WASHINGTON - U.S. farmers will reap the biggest corn crop and the third-largest soybean crop ever this fall, government forecasters said on Monday, but the harvests will be smaller than traders expected because of lower yields and ending stocks are projected to be below traders’ estimates.
Chicago corn and soybean futures, which have been beaten down recently by an outlook for massive crops and climbing inventories, rose sharply on the report.
New-crop soybean futures closed up more than 3 percent and new-crop corn was up more than 2 percent. Most traders had expected the Agriculture Department to raise its crop forecasts, not cut them.
“The production number and the carryout projections for soybeans are very bullish relative to expectations,” said Joe Vaclavik, an analyst at Standard Grain.
Until now, USDA’s forecasts assumed normal weather and yields. The August estimate is based on surveys of 24,000 farmers and spot checks of fields. They suggest yields will be well below “trend line” levels.
“A steady drying trend” struck the western Corn Belt in early July, and rainfall is still needed in some central and western Corn Belt states, USDA said.
By early August most of Iowa, the No. 1 corn and soybean state, was termed abnormally dry and much of Nebraska, No. 4 in both crops, was in moderate to severe drought, according to an interagency weekly drought monitor.
With harvest a few weeks away, USDA forecast a corn crop of 13.763 billion bushels, a 28 percent increase from drought-hit 2012, but 2 percent smaller than traders expected.
Soybeans would total 3.255 billion bushels, up 8 percent from last year, but more than 2 percent below trade expectations. USDA, in its first field-based survey of the crop, put the average yield at 42.6 bushels per acre, against 44.5 bushels per acre projected in July.
“That’s a severe cut,” said Karl Setzer of MaxYield Cooperative. “You have new-crop stocks back down to 221 million bushels now and that’s a pretty bullish number.”
Weather over the next few weeks will be critical to realizing yield potential for soybeans and corn.
“The soybean crop could get smaller if we are dry the next 10 days. The trend now is a lower yield ... but they are also suggesting that the prices in the global market are starting to ration demand,” said Mike Zuzolo of Global Commodity Analytics.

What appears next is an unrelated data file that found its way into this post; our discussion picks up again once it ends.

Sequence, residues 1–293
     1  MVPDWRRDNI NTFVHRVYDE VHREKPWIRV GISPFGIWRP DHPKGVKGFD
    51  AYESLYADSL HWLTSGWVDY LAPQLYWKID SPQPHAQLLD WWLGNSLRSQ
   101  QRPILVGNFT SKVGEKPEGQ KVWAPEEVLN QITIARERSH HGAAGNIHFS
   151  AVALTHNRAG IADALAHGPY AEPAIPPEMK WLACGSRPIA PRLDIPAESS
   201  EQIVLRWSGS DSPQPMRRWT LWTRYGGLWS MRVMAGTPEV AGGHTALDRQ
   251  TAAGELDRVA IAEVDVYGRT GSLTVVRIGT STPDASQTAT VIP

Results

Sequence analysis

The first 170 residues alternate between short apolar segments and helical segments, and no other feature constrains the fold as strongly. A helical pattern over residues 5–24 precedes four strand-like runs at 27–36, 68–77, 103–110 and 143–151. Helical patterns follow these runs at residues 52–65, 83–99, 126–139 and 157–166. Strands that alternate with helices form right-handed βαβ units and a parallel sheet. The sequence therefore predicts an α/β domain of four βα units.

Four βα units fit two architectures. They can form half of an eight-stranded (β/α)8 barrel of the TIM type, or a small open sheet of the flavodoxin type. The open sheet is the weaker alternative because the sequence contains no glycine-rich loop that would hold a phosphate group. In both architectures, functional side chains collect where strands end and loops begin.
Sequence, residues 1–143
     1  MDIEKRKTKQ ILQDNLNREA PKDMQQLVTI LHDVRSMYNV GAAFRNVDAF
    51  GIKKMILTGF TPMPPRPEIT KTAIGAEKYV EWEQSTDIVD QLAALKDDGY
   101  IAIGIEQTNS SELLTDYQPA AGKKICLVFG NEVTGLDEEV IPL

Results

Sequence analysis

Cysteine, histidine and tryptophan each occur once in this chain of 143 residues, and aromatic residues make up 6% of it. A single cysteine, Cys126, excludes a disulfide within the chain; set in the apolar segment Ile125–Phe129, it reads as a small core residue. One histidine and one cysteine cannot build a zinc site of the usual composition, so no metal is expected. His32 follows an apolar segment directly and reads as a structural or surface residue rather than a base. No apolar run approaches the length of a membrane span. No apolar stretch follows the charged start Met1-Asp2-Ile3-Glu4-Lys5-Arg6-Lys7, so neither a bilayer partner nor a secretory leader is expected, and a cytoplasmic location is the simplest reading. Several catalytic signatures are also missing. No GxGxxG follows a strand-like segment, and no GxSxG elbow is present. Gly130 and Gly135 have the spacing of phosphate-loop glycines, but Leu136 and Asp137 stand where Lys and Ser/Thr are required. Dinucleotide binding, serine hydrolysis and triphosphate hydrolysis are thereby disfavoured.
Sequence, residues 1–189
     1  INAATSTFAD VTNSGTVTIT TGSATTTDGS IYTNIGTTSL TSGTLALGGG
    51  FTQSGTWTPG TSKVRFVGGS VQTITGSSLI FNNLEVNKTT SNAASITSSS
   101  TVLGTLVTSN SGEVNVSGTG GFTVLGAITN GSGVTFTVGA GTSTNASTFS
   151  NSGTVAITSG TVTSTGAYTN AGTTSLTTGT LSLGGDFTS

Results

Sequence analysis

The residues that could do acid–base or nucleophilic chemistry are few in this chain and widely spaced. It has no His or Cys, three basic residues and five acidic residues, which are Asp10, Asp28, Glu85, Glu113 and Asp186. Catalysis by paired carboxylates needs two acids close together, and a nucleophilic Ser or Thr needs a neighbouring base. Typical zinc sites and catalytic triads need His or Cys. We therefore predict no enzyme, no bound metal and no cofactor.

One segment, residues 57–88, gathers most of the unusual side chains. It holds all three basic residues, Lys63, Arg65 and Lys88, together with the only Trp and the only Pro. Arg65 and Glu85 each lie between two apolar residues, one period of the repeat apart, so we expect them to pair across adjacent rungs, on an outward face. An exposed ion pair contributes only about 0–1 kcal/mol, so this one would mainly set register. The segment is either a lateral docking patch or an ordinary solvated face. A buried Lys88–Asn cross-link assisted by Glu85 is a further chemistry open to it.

Corn and soybean crops are also maturing slightly later than usual due to a cold and rainy spring that delayed planting, and will be particularly vulnerable if a killing frost ends the growing season early. For now, though, weather forecasters expect a warm September to finish the growing season.
“The report was bullish. The biggest number that stands out is the soybeans - the margin of error has shrunk. The same thing on the corn, but it’s still a burdensome supply,” said Don Roose, analyst at U.S. Commodities in West Des Moines, Iowa.
U.S. stockpiles are forecast to fall to a 17-year low for corn and a nine-year low for soybeans when the current marketing year ends on Aug. 31. Ending stocks for the 2013-14 marketing year were forecast by USDA at 1.837 billion bushels of corn, largest since 2006, and soybeans at 220 million bushels, also the largest since 2006.
However, analysts had expected corn stocks of 1.971 billion bushels and soybeans of 263 million bushels.
The bumper crops will end three years of declining production and ever-tighter stocks, meaning lower commodity prices are likely through next summer.
USDA estimated this year’s corn crop will sell for an average of $4.80 a bushel at the farm gate, down $2 a bushel from the record set by the 2012 crop. Soybeans would sell for $11.35 a bushel, down $3 from the record season-average price for the 2012 crop.
The corn and soybean crop forecasts have a margin of error of roughly 11 percent. The forecasts for ending stocks, looking 13 months into the future, have a margin of more than 60 percent.
USDA resurveyed soybeans planted in 14 states after the late planting campaign and lowered the area marginally, mostly in Kansas, North Carolina and North Dakota. Harvest acreage in key states such as Iowa and Illinois was unchanged from USDA’s June report.
USDA estimated a medium-sized U.S. wheat crop of 2.114 billion bushels, up slightly from its July estimate and very similar to the 2.112 billion bushels expected by traders.
World wheat production was forecast at 705.4 million metric tons, a record high, USDA said. It raised its estimate of the crop in Kazakhstan by 2.5 million metric tons, citing “abundant spring and summer rainfall” that boosted the yield outlook in Kazakhstan and adjoining spring wheat areas of Russia. USDA also raised Ukraine’s wheat forecast by 2 million metric tons “based on the latest harvest results.”
Brazil was forecast to boost its corn exports over the next few months, USDA said. It boosted its forecast of 2013/14 exports by 2.5 million metric tons, to 24.5 million.
(Additional reporting by Tom Polansek in Chicago,; Editing by Ros Krasny, Maureen Bavdek, Peter Galloway and Dan Grebler)